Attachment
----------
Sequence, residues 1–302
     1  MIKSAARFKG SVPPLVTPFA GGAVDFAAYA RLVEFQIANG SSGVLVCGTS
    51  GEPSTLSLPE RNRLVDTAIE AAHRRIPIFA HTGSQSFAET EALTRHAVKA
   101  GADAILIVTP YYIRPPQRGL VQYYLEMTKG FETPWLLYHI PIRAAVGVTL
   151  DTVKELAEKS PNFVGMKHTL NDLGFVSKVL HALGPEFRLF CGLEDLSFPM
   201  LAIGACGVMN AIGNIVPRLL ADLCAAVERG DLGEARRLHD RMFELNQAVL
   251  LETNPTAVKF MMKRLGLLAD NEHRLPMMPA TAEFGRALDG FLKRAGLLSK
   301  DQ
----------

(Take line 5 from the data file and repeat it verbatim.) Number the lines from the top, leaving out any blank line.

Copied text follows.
   151  DTVKELAEKS PNFVGMKHTL NDLGFVSKVL HALGPEFRLF CGLEDLSFPM